RDEK wrestles with highway billboard signage

A discussion on a Kimberley-based business’ off-highway billboard advertising sparked a wider debate on the topic during a regional district meeting last week.

Kimberley’s Spirit Rock Climbing Centre has two highway billboards on Highway 95A near Wycliffe and Meadowbrook, but were petitioning the RDEK board for a Development Variance Permit to bring the signs into compliance with existing bylaws.

However, the discussion around the board table soon shifted from the Spirit Rock Climbing Centre’s specific request to an overall broad conversation on the merits of billboard advertising on highways.

Much of the rural regional directors were opposed to the signage based on concerns about unsightliness and distracted driving, while some of the municipal directors wished to see the signage used as advertising for tourism and local economies.

Jane Walter, the director for Area E outside Kimberley, Wasa and up to Skookumchuk, opened the discussion, saying that her constituents didn’t want to see highway billboard advertising.

Dan Savage, the alternate director for Area A who was serving in the stead of an absent Mike Sosnowski, said that billboard advertising hurts tourism.

“The consensus in the Elk Valley was signage actually worked against tourism and to be a tourism community, we had to clear out the cluttered signage that created a trashy look to a visitor coming into the valley,” Savage said.

However, others, including Cranbrook Mayor Lee Pratt, argued in favour of allowing highway signage for advertising the goods and services of local businesses.

“This, to me, we put money into tourism, we sit around this table — and believe me, I am all 100 per cent for business — and we have to get that message out, that we’re open for business,” said Pratt. “If we’re telling businesses you can’t advertise, we’re going against what we’re supporting in other means.

“…If you run a business without advertising, it’s like winking at a pretty girl in the dark.”

Eventually, the debate turned into a general discussion about the issue, as the RDEK does not have a sign bylaw except under the Elk Valley Official Community Plan (OCP), according to RDEK manager Andrew Mcleod.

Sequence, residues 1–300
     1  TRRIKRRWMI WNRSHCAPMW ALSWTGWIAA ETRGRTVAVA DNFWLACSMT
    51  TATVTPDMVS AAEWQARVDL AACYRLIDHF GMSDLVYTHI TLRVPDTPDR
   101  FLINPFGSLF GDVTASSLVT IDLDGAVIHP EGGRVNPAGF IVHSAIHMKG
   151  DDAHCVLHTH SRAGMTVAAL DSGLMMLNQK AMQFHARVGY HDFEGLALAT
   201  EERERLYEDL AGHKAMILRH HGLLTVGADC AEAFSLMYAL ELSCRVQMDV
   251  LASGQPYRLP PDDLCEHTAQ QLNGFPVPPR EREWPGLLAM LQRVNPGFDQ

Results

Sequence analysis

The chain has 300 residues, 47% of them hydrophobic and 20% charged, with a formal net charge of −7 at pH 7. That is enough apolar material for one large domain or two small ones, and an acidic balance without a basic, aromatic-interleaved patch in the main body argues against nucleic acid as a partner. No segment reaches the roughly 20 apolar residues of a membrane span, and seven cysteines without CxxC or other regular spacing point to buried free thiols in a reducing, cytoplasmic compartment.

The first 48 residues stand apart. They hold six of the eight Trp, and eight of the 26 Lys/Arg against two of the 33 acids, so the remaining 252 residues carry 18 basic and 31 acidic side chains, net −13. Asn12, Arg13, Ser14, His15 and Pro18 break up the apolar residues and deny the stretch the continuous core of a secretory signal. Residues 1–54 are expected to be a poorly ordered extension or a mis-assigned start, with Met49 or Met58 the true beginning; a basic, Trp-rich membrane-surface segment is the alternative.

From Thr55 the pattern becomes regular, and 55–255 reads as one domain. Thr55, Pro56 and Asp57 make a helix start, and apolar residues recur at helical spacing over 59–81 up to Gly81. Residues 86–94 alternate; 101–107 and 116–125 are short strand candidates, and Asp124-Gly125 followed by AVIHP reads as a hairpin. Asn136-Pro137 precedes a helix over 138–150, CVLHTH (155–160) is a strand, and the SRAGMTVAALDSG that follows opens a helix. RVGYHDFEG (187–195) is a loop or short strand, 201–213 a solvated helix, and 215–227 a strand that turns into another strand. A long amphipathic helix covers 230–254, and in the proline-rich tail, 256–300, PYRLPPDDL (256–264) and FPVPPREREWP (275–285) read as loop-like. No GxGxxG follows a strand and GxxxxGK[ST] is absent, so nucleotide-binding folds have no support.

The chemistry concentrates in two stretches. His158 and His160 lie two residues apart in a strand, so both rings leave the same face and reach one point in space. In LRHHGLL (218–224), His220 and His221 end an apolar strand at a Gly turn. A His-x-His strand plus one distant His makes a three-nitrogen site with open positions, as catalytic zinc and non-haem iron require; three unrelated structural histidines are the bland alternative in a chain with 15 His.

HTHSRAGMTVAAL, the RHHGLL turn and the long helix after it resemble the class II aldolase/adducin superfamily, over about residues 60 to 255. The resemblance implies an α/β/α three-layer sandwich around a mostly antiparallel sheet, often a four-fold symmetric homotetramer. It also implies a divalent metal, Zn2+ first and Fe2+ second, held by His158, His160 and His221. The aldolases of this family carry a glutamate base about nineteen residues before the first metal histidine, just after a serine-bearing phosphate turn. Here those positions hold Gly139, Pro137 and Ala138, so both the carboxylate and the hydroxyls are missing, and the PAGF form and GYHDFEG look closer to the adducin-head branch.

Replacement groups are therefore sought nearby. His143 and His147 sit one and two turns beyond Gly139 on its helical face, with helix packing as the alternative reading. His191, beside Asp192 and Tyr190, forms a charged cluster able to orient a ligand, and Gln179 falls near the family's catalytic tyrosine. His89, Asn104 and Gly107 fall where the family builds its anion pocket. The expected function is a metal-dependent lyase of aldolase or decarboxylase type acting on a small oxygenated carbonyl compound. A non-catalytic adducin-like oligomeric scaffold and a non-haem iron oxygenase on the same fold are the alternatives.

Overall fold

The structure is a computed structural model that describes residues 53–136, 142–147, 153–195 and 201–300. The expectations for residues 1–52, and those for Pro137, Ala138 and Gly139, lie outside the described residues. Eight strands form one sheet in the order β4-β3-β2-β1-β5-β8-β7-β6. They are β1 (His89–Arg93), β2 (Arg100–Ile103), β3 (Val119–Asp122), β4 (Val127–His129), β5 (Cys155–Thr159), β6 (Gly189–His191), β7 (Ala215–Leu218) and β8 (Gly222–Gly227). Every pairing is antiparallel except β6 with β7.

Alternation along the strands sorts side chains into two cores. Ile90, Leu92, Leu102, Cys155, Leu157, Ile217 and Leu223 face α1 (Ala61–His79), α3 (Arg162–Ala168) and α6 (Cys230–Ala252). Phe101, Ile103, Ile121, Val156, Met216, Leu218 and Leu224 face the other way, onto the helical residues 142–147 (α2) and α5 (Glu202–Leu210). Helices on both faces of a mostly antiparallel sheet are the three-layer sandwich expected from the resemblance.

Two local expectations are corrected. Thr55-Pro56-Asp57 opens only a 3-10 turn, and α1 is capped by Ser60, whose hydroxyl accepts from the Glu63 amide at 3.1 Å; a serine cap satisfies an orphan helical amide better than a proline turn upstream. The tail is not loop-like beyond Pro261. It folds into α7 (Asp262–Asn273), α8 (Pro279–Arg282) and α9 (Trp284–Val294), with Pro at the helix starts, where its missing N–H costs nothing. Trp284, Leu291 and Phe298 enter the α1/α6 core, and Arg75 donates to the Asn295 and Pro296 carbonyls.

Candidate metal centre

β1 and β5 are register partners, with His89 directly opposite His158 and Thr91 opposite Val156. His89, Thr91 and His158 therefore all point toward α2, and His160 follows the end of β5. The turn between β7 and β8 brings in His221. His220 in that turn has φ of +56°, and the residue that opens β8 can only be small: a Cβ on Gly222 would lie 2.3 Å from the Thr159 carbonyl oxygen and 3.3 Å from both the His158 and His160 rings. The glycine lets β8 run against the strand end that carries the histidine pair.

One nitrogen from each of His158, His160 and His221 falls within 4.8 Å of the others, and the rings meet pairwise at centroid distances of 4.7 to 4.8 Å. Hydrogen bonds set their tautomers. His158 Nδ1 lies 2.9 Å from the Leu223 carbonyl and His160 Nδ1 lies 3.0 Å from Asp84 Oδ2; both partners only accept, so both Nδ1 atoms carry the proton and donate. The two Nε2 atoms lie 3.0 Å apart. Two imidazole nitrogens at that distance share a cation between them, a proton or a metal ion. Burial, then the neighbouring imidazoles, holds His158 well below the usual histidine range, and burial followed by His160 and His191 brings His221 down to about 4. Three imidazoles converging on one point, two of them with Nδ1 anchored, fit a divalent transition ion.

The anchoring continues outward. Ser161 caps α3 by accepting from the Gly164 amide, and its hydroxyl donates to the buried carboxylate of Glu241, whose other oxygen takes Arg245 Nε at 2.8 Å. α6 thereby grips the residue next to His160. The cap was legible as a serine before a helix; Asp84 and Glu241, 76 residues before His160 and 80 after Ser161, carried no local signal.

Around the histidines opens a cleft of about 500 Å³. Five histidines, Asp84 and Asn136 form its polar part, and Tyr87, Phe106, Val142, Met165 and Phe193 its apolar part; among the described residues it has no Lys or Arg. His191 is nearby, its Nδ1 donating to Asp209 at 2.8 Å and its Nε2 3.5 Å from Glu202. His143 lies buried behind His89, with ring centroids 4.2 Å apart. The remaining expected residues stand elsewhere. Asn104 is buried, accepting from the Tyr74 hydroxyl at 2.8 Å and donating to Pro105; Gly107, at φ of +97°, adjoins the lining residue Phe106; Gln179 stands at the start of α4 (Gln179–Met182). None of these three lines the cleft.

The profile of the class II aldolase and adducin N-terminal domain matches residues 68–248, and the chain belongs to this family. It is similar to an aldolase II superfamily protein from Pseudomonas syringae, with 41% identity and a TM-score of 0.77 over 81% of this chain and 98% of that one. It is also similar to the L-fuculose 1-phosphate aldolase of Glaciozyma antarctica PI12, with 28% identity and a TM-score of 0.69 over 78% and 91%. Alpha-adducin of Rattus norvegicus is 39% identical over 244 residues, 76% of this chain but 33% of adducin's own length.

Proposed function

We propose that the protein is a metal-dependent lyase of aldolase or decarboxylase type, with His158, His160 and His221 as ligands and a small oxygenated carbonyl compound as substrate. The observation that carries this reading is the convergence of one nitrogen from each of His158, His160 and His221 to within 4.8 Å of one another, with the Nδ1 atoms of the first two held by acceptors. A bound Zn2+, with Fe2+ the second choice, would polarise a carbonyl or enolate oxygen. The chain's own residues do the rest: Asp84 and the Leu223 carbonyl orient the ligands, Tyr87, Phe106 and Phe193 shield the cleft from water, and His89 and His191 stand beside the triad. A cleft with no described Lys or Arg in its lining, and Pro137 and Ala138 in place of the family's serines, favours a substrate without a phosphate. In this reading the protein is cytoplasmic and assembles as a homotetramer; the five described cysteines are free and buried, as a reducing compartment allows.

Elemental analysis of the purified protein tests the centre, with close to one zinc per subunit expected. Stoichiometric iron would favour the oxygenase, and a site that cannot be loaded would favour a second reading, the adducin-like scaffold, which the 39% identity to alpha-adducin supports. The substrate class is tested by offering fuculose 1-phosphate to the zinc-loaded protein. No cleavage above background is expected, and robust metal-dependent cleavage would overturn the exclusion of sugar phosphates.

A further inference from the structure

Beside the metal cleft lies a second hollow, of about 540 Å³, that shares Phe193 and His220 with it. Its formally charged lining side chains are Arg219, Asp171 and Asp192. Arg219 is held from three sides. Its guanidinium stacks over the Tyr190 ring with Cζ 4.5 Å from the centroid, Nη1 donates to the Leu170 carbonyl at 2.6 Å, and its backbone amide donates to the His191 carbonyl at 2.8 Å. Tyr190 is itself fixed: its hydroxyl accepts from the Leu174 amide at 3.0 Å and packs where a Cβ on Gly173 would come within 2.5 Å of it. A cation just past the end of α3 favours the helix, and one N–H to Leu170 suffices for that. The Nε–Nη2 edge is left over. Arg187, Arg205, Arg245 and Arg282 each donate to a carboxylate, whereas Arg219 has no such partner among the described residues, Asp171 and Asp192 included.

“In most areas, the regulations around signs are embedded in our zoning regulations, the exception is the Elk Valley,” Mcleod told the board, “where there is a stand-alone sign bylaw, but no instances does the RDEK issue permits for signs; we just establish the rules, then those people erecting the signs are expect to abide by the relevant regulations for their area.”

The board kicked around suggested a temporary use permit or simply bylaw non-enforcement if the development variance permit was refused, however, both options were dismissed.

Just Posted

Mainroad begins their chip seal program

Submitted Mainroad crews are performing their chip seal program over the next… Continue reading

UPDATED: Torch lit in Cranbrook to start countdown to BC 55+ Games

The Kimberley/Cranbrook 2018 55+ BC Games will take place Sept. 11-15

Closing arguments heard in sex assault trial

Crown and defence lawyers argued two vastly difference scenarios in the closing… Continue reading

The Great Sam Steele Parade of 2018

Crowds pack new downtown route to see massive parade unfurl, Saturday, June 16

Teck donates $1 million to College of the Rockies

Investment in facilities and student scholarships boosts regional trades training

The fabulous, fantastic, famous Wiener Dog races

One of the showcase attactions of Cranbrook’s Sam Steele Days festival are the Wiener Dog races — thrills and chills galore!

EDITORIAL: All children created equal

There are still some who justify President Donald Trump’s treatment of migrant children

BC Ferries posts strong earnings before rate cuts

Last year highest ever for vehicle traffic, most walk-ons in 20 years

More than 150 tremors hit Vancouver Island in last 24 hours

Seismologists monitor to see if pressure will be added to major fault

Snapchat used to make mass shooting threat in Kamloops

RCMP did not dub the threat a hoax, instead called it “unsubstantiated”

B.C. groups file response to government’s fight against solitary confinement

B.C. Supreme Court judge suspended ruling for one year to give government time to draft legislation

National sports organizations have to report allegations of abuse immediately

Sporting organizations will lose federal funding if abuse goes unreported, says Kirsty Duncan

BC conservation officers release badger from wolf trap

Badger recovering after being caught in trap near Williams Lake

B.C. Christian school mulls covenant, future of law school after court ruling

The university still wants to open a law school, but is looking at its options.

Most Read